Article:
Muhammad; A gift of mercy

Feb 192008
Authors: Zaki Safar

Two years ago, cartoons caricaturing Prophet Muhammad appeared in a Danish newspaper, sparking riots and protests throughout much of the Muslim World.

Last week, Danish authorities arrested three people for alleged involvement in a murder plot against one of the cartoonists behind these infamous drawings.

In retaliation for the “terror-related assassination” attempt, 17 major newspapers in Denmark reprinted the caricatures, wounding the sensibilities of over 1.3 billion Muslims who revere the Prophet of Islam as the final messenger of the Creator to humankind.

In February, 2006, a professor in one of my classes at CSU began to display the 12 notorious cartoons one by one. Some of my classmates chuckled, others laughed hysterically. I felt very despondent, hurt and alone.

Much to the astonishment of the professor and students, my voice quavered with emotion as I spoke to them about respecting what others hold sacred. Collegian reporter Brandon Lowrey described me as “still teary-eyed just after 2 p.m., when class let out.”

Since people naturally tend to build barriers of fear and prejudice between themselves and matters about which they lack knowledge, I would like to take this opportunity to briefly speak about some aspects of the life of Prophet Muhammad.

Muhammad bin ‘Abdullah al-Qurashi was born in 570 C.E. in Mecca, Arabia, in a society beset with paganism and multiple social evils.

During his young manhood, Muhammad was known for his absolute truthfulness and for his wisdom in resolving conflicts that otherwise would have resulted in decades of tribal combat.

At the age of 40, while Muhammad was in seclusion in a cave near Mecca, he was visited by the archangel Gabriel, who transmitted to him the first of numerous revelations from God, which continued until the end of his life at age 63. There can be no greater testimonial to the excellence of his character than the first few comforting words spoken by his wife when he reported to her what he had experienced.

“Do not worry. By God, He would never leave you, for you are good to your relatives, you are true to your word, you help those who are in need, you support the weak, [and] you feed the guest,” she said.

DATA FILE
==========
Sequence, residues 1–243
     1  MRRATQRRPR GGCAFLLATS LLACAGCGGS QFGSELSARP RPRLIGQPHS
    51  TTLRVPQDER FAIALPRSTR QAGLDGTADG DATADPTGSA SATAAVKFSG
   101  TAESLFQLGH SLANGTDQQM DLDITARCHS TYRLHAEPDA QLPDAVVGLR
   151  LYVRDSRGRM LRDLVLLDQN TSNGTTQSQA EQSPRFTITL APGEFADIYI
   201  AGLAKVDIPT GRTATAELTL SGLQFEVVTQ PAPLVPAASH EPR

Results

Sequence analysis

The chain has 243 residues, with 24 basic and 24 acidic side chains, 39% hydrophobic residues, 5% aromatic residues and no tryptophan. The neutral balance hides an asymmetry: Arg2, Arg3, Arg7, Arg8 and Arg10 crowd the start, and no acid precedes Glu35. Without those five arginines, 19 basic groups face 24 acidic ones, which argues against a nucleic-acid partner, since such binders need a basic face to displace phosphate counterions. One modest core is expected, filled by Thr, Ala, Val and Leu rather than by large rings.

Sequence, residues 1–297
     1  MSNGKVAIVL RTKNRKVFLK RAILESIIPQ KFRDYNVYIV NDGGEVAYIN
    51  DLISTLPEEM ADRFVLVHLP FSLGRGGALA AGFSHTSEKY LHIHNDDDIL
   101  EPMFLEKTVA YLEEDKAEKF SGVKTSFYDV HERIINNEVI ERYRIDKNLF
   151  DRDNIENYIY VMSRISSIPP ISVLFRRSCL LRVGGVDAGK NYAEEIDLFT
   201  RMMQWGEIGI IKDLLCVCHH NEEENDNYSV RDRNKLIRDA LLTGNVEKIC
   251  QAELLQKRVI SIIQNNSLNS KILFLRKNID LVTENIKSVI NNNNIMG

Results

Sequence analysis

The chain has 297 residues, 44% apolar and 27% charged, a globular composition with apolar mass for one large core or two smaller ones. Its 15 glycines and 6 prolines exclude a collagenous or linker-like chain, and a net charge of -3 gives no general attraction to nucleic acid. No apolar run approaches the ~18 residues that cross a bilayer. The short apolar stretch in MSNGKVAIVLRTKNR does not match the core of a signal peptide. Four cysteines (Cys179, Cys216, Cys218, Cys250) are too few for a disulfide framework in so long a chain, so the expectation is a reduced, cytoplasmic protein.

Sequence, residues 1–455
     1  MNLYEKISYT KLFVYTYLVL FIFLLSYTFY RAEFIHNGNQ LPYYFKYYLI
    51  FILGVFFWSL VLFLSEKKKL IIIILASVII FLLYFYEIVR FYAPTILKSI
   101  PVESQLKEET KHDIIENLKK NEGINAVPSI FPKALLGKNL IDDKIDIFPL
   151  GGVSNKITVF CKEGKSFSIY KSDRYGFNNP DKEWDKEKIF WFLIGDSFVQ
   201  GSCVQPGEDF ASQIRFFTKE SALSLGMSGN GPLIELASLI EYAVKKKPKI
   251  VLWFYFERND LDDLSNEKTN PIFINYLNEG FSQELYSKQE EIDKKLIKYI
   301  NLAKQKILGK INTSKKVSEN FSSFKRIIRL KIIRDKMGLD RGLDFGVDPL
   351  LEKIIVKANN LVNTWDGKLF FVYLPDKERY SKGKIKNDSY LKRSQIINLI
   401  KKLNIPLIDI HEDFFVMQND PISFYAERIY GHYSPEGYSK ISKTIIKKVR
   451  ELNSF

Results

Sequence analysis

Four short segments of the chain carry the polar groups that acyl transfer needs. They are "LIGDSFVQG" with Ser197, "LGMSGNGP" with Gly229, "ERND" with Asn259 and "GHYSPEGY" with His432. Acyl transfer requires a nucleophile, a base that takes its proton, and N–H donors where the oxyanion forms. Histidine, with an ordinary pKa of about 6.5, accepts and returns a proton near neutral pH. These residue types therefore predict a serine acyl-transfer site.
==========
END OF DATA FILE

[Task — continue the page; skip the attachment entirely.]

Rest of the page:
After the proclamation of his mission, calling to the Oneness of God, his people received him with antagonism and wars. Yet, his forbearance in victory was noteworthy. During the battle of Uhud, his most beloved uncle and friends were killed; the Prophet himself suffered broken teeth and wounds. Angered by these occurrences, the Prophet’s companions asked him to pray against the enemy.

He replied, “I have not been sent to damn people. I have been sent as a caller [to faith] and a mercy. O God, forgive my people, for they know no better.”

And after the peaceful conquest of Mecca, he forgave and freed the Quraish, who had long oppressed him and his followers, with the words, “Go; you are all free.”

Prophet Muhammad taught his followers to treat women and people of other beliefs and cultures with respect and kindness. In his last sermon, among many other matters, he said, “Treat your women well and be kind to them, for they are your partners and committed supporters.”

And in an attempt to eradicate all forms of discrimination that sabotage freedom and equality, he once said, “All humankind is from Adam and Eve. An Arab has no superiority over a non-Arab nor does a non-Arab have any superiority over an Arab, and a white person has no superiority over a black one nor does a black one have any superiority over a white one except through piety and good action.”

Muhammad’s impact on human history throughout the fifteen hundred years since he passed away has been profound beyond description.

Concerning him, Michael Hart, the author of The 100: A Ranking of the Most Influential Persons in History, wrote, “my choice of Muhammad to lead the list of the world’s most influential persons may surprise some readers and may be questioned by others, but he was the only man in history who was supremely successful on both the religious and secular level.”

In conclusion, let me cite an injunction of the Prophet that is much needed in today’s troubled world: “Show mercy to those who are on Earth, and the One who is in heaven will show mercy to you.”

Let’s take this profound prophetic message out to the world and implement it for the sake of those whose lives have been torn apart by wars, famine and natural disasters.

Zaki Safar is a senior electrical engineering major and the president of the Muslim Student Association. Letters and feedback can be sent to

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